Dan Morrisey

A Fighter for Small CUs

Compliance burden is ‘like an avalanche.’

April 1, 2014

Dan Morrisey

The movement’s smallest credit unions also are strongly people-focused. But too often they face challenges that divert them from this aim, particularly the continuous onslaught of regulatory changes, says Dan Morrisey, CEO/treasurer of $2 million asset Queen of Peace Arlington (Va.) Federal Credit Union.

“It’s like an avalanche,” he says. “It’s one of the reasons—maybe the top reason—many small credit unions have shut down or merged.”

Although his credit union has limited hours—the first Thursday of each month, a few weekend hours, or by appointment—Morrisey spends much of his precious time keeping up with NCUA regulations and staying active in state and national associations.

Vote for the CU Hero of the Year

Each year we’re honored to present four outstanding leaders Credit Union Magazine readers have nominated as credit union heroes.

These individuals exemplify the credit union philosophy of “people helping people” and have gone the extra mile to make a difference in their communities.

Now it’s time to choose the 2014 Credit Union Hero of the Year. Voting is open now through May 1. Vote now for one of these heroes:
• William Armstrong, Northeast Community Credit Union, Elizabethton, Tenn.;
Dan Morrisey, Queen of Peace Arlington (Va.) Federal Credit Union;
William “Bill” Rissel, Fort Knox Federal Credit Union, Radcliff, Ky.; and
Joni Senkpeil, Illinois Credit Union League.

This year’s winner, or his/her representative, will be honored at CUNA’s America’s Credit Union Conference in San Francisco June 29 to July 3.

Vote now.

Now retired from his career at two data processors, Morrisey continues to devote hours to keeping the credit union on track. Even while working full-time, he spent nights and weekends volunteering for the credit union, which still has a niche field of membership: parishioners, employees, and families of a local Catholic church.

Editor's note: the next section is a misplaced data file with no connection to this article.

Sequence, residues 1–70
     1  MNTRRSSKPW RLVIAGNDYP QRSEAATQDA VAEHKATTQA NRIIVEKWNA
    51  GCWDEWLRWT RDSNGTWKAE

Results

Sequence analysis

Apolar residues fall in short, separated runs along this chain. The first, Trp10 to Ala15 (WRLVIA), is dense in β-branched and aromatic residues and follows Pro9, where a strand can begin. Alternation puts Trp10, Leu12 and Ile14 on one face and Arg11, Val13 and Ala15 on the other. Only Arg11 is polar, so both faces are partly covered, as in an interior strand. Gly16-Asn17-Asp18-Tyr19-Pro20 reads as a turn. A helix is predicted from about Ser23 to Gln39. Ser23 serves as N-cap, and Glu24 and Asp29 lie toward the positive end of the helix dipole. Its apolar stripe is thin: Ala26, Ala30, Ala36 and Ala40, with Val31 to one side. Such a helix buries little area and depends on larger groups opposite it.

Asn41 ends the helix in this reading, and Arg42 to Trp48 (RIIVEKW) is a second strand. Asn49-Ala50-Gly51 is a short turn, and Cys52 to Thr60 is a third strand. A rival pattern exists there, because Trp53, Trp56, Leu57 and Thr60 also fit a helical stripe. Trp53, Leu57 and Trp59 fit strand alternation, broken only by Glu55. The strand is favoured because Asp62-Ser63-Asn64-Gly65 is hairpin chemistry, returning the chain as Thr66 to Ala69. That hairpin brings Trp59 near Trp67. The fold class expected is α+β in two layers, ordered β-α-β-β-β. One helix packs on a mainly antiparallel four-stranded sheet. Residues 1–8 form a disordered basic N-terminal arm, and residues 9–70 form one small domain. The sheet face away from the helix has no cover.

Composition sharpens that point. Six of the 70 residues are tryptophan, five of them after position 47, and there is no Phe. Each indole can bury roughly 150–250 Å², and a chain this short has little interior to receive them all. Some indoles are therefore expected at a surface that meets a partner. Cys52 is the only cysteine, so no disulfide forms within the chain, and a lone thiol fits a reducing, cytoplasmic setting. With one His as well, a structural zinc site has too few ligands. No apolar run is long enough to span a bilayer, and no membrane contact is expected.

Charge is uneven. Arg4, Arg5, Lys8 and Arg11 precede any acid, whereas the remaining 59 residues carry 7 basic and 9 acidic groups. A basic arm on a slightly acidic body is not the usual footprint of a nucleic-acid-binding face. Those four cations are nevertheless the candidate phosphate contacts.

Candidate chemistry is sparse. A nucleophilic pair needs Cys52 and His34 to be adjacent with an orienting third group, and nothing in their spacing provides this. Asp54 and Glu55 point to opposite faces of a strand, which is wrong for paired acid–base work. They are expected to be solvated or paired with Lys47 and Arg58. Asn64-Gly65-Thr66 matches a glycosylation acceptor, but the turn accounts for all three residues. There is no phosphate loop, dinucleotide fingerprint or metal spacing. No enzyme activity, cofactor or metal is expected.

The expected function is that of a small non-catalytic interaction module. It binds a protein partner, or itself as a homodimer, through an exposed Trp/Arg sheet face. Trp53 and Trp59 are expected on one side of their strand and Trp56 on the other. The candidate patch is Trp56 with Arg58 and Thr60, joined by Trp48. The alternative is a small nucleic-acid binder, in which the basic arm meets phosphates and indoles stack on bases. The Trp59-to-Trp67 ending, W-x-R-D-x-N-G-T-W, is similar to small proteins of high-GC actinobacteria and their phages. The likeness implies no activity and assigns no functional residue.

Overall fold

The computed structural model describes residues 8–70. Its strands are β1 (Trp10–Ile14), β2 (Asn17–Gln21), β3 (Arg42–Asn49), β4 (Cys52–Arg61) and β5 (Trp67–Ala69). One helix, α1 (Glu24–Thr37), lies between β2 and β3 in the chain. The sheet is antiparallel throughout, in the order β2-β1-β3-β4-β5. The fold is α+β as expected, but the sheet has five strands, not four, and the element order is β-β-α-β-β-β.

“In 1976, I was a church member, but not a credit union member,” Morrisey recalls. “The credit union’s board wanted to shut it down, but our pastor gathered a new group of volunteers. I joined the supervisory committee and became assistant treasurer. My wife was treasurer.”

The credit union processed manually at the time with a ledger book for handwritten transactions. “Then we converted to a batch computer system and mailed transactions for processing once a week,” says Morrisey.

Except for a hiatus from 1983 to 1987, Morrisey has been with the credit union ever since, volunteering until two years ago when he became a part-time employee.

Around 1990 the credit union converted to in-house core processing—a big change—allowing it to offer an array of transaction accounts, consumer loans, and prepaid debit cards.

He and his team encourage children, however young, to have accounts and perform their own transactions—something they probably couldn’t do elsewhere. “What bank would allow a six-year-old to conduct transactions?” he laughs.

“We provide service to members that they couldn’t get otherwise,” he adds. “We don’t take the cookie-cutter approach of automated lending like so many financial institutions do. We don’t just look at credit scores; we look at the entire picture, the member’s history with us, and see what we can do to approve loans.”

The credit union approves nearly all loans, sometimes with modifications. “We make loans to people who have been rejected elsewhere at affordable terms,” says Morrisey. “It does take time and effort, but it’s worth it. Virginia is an island of predatory lending.”

He speaks out in the community and at the state capital against such unjust practices, letting people know they don’t have to pay exorbitant rates and fees for financial services.

Morrisey also advocates nationally on behalf of small credit unions, recently writing to NCUA to express his displeasure with its proposal to ban home-based credit unions—and he encourages colleagues to do likewise.

“Make it known how regulations affect small credit unions,” he says, admitting that efforts to educate regulators can be discouraging. “You might feel like they’re not paying attention, but often they do and we have to keep up the fight.”